Moneycorp’s Green explained: “The value of the pound against other currencies has decreased in recent years, and because of this we are seeing more enquiries from clients asking how they can make the most out of the exchange rate.

“When it comes to buying an overseas property, I would always advocate speaking to as many specialists as possible. Currency exchange is just one of many specialist services that you can take advantage of.”

Which countries are popular destinations right now?

As England prepares to leave the EU by the end of the year, professionals are quick to search the most affordable destinations.

Financial planning and taxes are just one aspect of this, but there are a number of European jurisdictions that may offer a cheaper standard of living compared to the UK.

Giovanni Lombardo, Consultant Solicitor at Lewis Nedas Law shared: “Since the start of lockdown, I have received a lot of enquiries from British people who wish to move or buy a holiday home in Italy, as property prices have slightly decreased as a result of the Italian property market being affected by the pandemic.”

“Something interesting to note about Italy is the flat tax, which allows individual new residents (who were not tax resident in Italy in the past 9 out of 10 years) to move their tax residence to Italy, and take advantage of this new tax scheme whereby  the individual will make a flat tax payment of €100.000 per year, up to 15 years, on the income produced abroad, i.e. non Italian sourced income. Both Italian and non-Italian citizens can apply for this flat tax scheme. The flat tax does not apply to any income produced in Italy.”

Additionally, France is an ever-popular destination for expats as it offers easy travel routes from the UK. French Entrée’s Lockhart shared: “Our network of estate agents covers most of the popular areas of France, but I would definitely note a marked increase in property searches in Normandy and Brittany from UK buyers – more than normal. This could be due to the relative ease of getting back to the UK for commuting/family purposes.”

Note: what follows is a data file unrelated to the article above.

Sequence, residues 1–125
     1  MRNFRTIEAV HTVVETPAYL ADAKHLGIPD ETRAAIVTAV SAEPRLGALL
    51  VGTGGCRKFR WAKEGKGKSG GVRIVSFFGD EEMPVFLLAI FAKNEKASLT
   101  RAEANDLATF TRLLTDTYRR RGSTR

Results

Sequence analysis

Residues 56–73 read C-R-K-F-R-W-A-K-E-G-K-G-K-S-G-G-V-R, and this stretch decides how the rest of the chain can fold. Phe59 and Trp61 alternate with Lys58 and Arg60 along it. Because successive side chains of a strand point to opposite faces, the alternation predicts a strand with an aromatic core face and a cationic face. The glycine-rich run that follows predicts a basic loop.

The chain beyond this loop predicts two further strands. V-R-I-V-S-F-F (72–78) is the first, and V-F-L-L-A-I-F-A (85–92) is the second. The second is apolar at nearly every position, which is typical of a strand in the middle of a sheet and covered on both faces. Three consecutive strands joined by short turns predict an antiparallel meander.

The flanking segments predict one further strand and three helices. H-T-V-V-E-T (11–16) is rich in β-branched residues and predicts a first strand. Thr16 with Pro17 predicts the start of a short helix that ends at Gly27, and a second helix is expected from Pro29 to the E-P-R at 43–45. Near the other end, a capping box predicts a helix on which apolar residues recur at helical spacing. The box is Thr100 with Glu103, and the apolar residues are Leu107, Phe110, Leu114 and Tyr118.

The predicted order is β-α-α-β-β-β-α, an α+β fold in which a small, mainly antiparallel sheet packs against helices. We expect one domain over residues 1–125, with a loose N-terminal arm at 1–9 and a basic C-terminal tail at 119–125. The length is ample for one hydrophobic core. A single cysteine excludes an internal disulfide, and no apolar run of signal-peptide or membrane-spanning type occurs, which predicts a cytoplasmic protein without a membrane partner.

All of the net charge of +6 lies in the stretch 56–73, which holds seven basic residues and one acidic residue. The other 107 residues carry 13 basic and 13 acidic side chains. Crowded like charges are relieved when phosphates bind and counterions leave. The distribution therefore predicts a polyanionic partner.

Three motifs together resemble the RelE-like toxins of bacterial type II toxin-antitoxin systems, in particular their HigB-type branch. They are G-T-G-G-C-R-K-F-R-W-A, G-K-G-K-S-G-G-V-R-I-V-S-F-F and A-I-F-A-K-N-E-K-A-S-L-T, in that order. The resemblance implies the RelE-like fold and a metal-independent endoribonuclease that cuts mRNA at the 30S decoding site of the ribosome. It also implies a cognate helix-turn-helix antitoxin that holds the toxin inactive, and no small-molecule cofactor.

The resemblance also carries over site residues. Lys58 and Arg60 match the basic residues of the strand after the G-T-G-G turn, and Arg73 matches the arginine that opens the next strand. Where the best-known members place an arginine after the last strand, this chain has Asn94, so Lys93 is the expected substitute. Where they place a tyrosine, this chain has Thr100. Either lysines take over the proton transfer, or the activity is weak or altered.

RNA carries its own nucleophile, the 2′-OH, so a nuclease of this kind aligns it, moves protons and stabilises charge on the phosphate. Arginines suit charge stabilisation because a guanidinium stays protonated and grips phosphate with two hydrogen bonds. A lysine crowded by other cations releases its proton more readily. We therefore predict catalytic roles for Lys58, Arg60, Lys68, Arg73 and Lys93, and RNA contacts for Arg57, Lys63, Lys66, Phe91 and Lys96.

What should you consider?

Peter Esders, Legal Director and Solicitor for Judicare International Property, outlined the importance of getting professional advice before committing to relocating as it could have significant consequences on taxes.

“Depending on how things are structured, and the countries involved, you will probably pay a different rate of tax than you are used to,” Esders said.

“Certainly, your tax situation will become more complicated as you are likely to be earning in one country but living in another and will therefore have two tax systems to deal with.

“Because of this, some companies may insist that you become a self-employed contractor, but this then has a consequence as far as employment rights etc are concerned,” he added.

Additionally, taxes aren’t the only things that should be taken into consideration.

“One thing that does need to be considered is the question of healthcare, visas (if needed), right to work and so on, Green explained.

“For Europe this was always relatively easy, but with the transition period of Brexit looming, this might change – hence why we are seeing a surge in people wanting to do things now.”

Moving abroad is a life-changing experience and can seem daunting. Given the current situation, employers will no doubt want to be flexible when it comes to accommodating requests to work from a home overseas, but experts advocate some caution when making big decisions.

Likewise, financing a property overseas can be complex, especially when it comes to obtaining the international mortgage you need to make your dreams a reality.